Decks are a common residential feature used throughout the United States. Deck building codes, until recently, lacked clear guidance from local jurisdictions on proper construction practices. The methods of construction and framing of decks were left solely to the judgment of the contractor, handyman or homeowner. If the individuals in charge of construction were not knowledgeable of common framing practices within deck codes, then the deck could be unsafe and ultimately fail.
Deck Codes and Why They are Important to Follow
Deck failures occur every year and are generally the result of improper construction and maintenance of the deck structure. With that in mind, building codes are beginning to specify minimum standards for deck construction. Additionally, the American Wood Council has published building codes for deck construction that are available for free online, here. The intent of this article is addressing the main areas of concern for deck construction, and providing basic guidance. Please note if you are in the process of replacing an existing deck structure or building a new deck, we recommend you consult a local structural engineer to ensure all applicable provisions of the local building code for decks are incorporated into the design.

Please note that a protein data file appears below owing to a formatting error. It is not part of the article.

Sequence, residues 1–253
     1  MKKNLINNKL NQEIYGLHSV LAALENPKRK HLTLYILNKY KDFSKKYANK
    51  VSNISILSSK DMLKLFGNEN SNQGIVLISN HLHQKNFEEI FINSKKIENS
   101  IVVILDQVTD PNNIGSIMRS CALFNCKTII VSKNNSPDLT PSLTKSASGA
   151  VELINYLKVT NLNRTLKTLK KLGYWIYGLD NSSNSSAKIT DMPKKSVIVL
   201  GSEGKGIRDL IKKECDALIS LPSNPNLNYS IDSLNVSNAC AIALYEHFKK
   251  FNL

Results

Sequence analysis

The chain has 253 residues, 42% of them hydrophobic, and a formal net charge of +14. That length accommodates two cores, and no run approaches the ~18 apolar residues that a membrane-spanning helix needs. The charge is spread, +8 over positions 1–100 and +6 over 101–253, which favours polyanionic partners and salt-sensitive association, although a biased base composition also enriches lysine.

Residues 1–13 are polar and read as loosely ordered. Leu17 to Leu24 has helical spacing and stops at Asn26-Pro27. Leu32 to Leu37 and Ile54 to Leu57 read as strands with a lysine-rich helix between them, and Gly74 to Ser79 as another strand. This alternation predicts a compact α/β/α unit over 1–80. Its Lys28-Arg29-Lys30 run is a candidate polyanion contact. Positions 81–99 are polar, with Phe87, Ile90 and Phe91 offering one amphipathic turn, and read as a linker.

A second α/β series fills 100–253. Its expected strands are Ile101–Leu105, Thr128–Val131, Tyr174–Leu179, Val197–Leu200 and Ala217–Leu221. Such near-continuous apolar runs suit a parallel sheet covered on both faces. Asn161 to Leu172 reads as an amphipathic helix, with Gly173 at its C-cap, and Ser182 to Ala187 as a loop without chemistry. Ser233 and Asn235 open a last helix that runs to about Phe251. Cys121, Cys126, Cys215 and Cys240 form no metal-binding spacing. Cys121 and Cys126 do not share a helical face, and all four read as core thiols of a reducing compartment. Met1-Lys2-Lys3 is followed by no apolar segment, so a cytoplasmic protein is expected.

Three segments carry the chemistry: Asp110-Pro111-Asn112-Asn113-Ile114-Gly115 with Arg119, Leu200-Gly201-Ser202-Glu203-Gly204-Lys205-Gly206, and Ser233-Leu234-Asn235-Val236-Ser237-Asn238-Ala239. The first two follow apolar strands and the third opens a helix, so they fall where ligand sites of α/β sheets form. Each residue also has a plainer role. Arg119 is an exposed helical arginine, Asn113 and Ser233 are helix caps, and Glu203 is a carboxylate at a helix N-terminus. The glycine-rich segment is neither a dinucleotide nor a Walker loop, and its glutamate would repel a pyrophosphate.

The structure of a deck is similar in nature to most building structures. Decks have footings, columns, stability bracing, stairs and floor framing. In addition to these common features, decks also have life safety systems, such as handrails, which are critical to the safety of anyone using the deck.
Building a Deck Starting at the Ground Level